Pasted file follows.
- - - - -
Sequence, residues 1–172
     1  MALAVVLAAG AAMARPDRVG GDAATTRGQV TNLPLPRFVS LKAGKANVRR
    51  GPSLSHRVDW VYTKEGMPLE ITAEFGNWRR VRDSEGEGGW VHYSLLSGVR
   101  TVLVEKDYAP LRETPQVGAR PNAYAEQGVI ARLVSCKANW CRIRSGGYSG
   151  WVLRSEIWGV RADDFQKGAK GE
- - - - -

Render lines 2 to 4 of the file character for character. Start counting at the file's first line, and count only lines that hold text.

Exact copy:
     1  MALAVVLAAG AAMARPDRVG GDAATTRGQV TNLPLPRFVS LKAGKANVRR
    51  GPSLSHRVDW VYTKEGMPLE ITAEFGNWRR VRDSEGEGGW VHYSLLSGVR
   101  TVLVEKDYAP LRETPQVGAR PNAYAEQGVI ARLVSCKANW CRIRSGGYSG